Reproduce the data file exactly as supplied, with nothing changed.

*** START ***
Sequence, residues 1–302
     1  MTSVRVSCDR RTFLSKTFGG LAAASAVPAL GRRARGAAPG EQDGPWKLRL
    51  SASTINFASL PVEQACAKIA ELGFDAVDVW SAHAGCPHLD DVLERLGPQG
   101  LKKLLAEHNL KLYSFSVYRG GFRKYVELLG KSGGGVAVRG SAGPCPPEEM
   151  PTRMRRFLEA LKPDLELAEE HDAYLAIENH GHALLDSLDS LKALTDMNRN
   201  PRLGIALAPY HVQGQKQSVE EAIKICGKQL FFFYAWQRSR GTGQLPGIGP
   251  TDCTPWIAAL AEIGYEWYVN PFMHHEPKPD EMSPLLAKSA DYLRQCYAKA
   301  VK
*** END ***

Sequence, residues 1–302
     1  MTSVRVSCDR RTFLSKTFGG LAAASAVPAL GRRARGAAPG EQDGPWKLRL
    51  SASTINFASL PVEQACAKIA ELGFDAVDVW SAHAGCPHLD DVLERLGPQG
   101  LKKLLAEHNL KLYSFSVYRG GFRKYVELLG KSGGGVAVRG SAGPCPPEEM
   151  PTRMRRFLEA LKPDLELAEE HDAYLAIENH GHALLDSLDS LKALTDMNRN
   201  PRLGIALAPY HVQGQKQSVE EAIKICGKQL FFFYAWQRSR GTGQLPGIGP
   251  TDCTPWIAAL AEIGYEWYVN PFMHHEPKPD EMSPLLAKSA DYLRQCYAKA
   301  VK